In June 2013, the Guardian and The Washington Post revealed with leaked documents that big tech companies participated in the United States National Security Agency’s (NSA) PRISM surveillance program. According to the leaked documents, Microsoft participated in the program in 2007, Yahoo! in 2008, Google in 2009, Facebook in 2009, Paltalk in 2009, YouTube in 2010, AOL in 2011, Skype in 2011 and Apple in 2012.
"Ninty-eight percent of PRISM production is based on Yahoo, Google and Microsoft," The Washington Post said in the report. Here's what these tech giants said in response to these allegations.
"We provide customer data only when we receive a legally binding order or subpoena to do so, and never on a voluntary basis. In addition, we only ever comply with orders for requests about specific accounts or identifiers. If the government has a broader voluntary national security program to gather customer data, we don't participate in it," Microsoft said.
"We do not provide any government organization with direct access to Facebook servers. When Facebook is asked for data or information about specific individuals, we carefully scrutinize any such request for compliance with all applicable laws, and provide information only to the extent required by law," Mark Zuckerberg and Facebook said.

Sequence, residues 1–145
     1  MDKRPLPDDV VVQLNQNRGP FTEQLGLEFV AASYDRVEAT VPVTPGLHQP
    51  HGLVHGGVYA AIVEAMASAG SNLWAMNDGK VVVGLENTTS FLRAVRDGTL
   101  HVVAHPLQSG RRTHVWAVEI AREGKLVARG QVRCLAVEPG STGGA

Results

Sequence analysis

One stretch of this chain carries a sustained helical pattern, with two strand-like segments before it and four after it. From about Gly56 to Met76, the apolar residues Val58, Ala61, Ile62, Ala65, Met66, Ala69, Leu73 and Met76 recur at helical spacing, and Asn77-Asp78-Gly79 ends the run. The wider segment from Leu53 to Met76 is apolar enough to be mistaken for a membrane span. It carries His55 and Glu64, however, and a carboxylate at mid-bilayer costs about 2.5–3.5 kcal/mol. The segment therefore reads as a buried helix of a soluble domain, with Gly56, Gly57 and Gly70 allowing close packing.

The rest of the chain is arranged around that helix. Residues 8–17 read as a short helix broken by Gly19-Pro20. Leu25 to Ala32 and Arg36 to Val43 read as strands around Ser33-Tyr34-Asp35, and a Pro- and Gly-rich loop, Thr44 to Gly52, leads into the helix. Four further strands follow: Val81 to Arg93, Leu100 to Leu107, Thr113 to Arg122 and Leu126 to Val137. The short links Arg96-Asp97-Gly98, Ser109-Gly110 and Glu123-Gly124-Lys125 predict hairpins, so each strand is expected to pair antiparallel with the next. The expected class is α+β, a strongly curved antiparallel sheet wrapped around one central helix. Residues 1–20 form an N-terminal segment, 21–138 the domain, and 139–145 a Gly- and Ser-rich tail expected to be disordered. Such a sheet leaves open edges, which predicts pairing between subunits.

"Google cares deeply about the security of our users' data. We disclose user data to the government in accordance with the law, and we review all such requests carefully. From time to time, people allege that we have created a government 'back door' into our systems, but Google does not have a backdoor for the government to access private user data," added Google.
"Any suggestion that Google is disclosing information about our users' internet activity on such a scale is completely false," it stressed.
Albeit not as popular these days, Yahoo also tried to clarify things a little.
"Yahoo! takes users’ privacy very seriously. We do not provide the government with direct access to our servers, systems or network. Of the hundreds of millions of users we serve, an infinitesimal percentage will ever be the subject of a government data collection directive," it said in a statement.
And finally, the supposedly privacy-loving Apple, which has been criticized by consumers for weaponizing these privacy concerns for financial gain.
"We have never heard of PRISM," Apple said in its statement.
"We do not provide any government agency with direct access to our servers, and any government agency requesting customer data must get a court order," it added. It essentially lets consumers know that they would be sharing data if any governmental organization needed so for criminal proceedings, such as intercepting phone calls between members of terrorist groups.
Dry PR talk and empty promises by tech companies, coupled with their veiled pledge to not spy on you if you’re not a terrorist or a drug dealer, don't seem enough to reassure the public. Perhaps that's why people are finding it hard to invite another possibly privacy-breaching device into our bedrooms, despite all efforts to instill comfort in consumers.